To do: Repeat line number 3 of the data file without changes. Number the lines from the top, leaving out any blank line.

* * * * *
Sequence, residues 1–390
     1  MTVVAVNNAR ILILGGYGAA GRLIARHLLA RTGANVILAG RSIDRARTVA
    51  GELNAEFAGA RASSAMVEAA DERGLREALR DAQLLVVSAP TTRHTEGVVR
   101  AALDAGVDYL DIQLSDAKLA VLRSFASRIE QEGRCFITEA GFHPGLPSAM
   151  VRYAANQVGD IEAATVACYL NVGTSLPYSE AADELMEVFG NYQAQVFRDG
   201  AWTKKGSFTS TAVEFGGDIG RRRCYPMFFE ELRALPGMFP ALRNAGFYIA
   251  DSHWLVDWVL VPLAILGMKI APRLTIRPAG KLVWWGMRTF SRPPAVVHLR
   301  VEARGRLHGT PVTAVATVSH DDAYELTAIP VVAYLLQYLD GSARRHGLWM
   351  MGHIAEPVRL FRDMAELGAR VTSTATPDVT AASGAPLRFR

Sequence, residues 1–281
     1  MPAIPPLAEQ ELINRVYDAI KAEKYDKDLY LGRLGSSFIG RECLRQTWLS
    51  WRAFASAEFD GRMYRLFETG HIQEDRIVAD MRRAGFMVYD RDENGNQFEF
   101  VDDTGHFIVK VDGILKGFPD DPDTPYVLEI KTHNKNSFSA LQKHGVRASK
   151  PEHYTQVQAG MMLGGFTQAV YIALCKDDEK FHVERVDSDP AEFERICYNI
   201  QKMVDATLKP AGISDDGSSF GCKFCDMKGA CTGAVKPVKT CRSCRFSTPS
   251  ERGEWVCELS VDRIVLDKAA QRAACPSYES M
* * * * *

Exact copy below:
    51  GELNAEFAGA RASSAMVEAA DERGLREALR DAQLLVVSAP TTRHTEGVVR